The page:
There are times when I am writing these blogs that I think back over the day and just smile. There are times when some of the moments that happen are so poignant that there’s really no way to put them into words. There are some views that we see that are so beautiful that I, as a wordsmith, can’t do them justice. There are times when none of that happens and your day begins at 3:00AM when the carbon monoxide detector goes off in your room. You look for it for over an hour, first thinking it was the smoke detector – nope. Then thinking it was one of the two alarm clocks in the room. You try one – no. You try the other which has an exposed wire that you don’t see and you get a lovely little shock – no again. Then you finally find it plugged into the wall behind the bed, chirping its little heart out because the batteries are low. Good morning readers!
After my early morning adventure, I’m not the most chipper camper in the cabin, but I’m up and functioning. People are making their breakfast in stages and little by little we get ready to start the day. [I didn’t know it at the time, but this “happens in stages” thing will turn out to be a theme]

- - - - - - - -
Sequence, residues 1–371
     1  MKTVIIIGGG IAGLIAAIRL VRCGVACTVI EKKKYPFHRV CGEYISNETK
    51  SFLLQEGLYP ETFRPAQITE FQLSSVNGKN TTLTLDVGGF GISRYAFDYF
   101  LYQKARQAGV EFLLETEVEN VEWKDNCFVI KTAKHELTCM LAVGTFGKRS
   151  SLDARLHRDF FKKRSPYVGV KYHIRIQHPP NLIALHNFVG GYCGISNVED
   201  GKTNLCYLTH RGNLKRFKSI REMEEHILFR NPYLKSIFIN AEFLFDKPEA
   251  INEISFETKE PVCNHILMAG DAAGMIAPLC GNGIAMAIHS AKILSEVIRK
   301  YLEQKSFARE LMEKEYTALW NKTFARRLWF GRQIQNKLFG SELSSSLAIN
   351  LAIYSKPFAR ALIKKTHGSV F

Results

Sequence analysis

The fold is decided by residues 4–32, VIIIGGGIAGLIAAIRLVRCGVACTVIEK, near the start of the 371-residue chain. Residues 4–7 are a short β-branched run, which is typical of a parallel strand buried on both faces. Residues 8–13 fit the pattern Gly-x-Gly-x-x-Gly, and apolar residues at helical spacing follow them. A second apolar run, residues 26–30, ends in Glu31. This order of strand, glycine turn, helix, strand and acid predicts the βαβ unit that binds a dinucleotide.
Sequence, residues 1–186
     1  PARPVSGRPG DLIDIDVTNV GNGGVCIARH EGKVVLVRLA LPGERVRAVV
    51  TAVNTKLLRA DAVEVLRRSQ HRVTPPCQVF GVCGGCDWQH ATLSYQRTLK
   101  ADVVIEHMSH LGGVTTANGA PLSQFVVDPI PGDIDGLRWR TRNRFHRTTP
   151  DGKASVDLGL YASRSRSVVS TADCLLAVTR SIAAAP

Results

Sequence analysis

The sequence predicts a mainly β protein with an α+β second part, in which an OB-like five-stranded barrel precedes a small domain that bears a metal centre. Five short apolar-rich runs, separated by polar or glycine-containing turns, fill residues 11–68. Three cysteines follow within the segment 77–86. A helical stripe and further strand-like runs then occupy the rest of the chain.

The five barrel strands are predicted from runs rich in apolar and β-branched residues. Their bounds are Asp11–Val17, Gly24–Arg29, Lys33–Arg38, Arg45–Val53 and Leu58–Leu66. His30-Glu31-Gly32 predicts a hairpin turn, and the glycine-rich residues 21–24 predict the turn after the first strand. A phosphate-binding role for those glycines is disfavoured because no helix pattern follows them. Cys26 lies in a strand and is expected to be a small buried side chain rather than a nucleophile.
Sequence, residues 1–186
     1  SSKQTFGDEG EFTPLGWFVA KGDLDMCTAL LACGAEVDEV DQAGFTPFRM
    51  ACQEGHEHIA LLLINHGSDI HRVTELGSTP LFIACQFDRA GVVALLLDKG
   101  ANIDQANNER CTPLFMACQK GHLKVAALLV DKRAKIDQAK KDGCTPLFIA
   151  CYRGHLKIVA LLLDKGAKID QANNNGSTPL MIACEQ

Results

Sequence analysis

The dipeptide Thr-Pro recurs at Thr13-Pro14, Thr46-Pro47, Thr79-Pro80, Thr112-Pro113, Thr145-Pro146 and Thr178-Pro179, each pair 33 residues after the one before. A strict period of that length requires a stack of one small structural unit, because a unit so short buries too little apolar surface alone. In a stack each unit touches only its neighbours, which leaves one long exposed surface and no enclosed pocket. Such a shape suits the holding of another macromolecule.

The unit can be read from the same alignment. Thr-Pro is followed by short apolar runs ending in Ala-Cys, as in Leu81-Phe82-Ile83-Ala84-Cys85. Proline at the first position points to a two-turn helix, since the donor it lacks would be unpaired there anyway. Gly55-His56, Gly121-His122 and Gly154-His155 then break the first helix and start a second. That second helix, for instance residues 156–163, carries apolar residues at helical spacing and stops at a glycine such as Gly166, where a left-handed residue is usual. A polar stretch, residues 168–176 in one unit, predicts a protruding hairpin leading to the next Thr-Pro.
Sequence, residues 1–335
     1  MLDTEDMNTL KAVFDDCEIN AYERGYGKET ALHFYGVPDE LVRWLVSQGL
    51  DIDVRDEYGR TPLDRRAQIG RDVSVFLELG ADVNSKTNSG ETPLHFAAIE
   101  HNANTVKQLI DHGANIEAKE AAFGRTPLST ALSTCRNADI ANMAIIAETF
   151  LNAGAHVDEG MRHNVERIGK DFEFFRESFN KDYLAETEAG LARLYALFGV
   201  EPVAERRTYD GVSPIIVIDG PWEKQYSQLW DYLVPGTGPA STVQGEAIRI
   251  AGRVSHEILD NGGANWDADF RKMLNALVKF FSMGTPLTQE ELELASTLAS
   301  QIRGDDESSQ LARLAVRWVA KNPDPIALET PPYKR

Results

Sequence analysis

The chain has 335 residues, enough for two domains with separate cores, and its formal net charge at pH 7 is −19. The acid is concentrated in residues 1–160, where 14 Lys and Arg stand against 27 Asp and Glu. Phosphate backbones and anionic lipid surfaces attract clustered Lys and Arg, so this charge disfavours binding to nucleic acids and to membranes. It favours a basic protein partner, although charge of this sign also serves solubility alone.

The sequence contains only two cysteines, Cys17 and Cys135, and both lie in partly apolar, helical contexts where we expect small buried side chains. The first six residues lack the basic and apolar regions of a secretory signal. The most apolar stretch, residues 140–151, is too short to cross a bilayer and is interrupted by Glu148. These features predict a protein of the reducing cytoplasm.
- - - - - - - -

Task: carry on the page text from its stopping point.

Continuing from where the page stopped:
We don’t have a long drive today; only about 1 hr. 15 min. to Gypsum. We’re performing for the Elementary School students but the show is actually happening at the High School, so we’ll be in an auditorium. It’s a first-time visit for a last-time show. After today’s performance, we’re done with Hansel and Gretel for the season. The group’s drive is stunning and lots of pictures are taken and not just by Ben this time.
Set up goes smoothly – no broken glass today. That could just be because there’s no glass left to break, at least as far as props go. I see a post that Will puts on Facebook talking about the countdown that now begins. He’s right. Today – the final Hansel and Gretel. Tomorrow, the final Arias & Ensembles and the final In-School Workshop. Thursday – the final Carmen. Can it really be eight months since the Young Artists started? In some ways it feels like it’s just been a few weeks. In other ways it feels like it’s been years.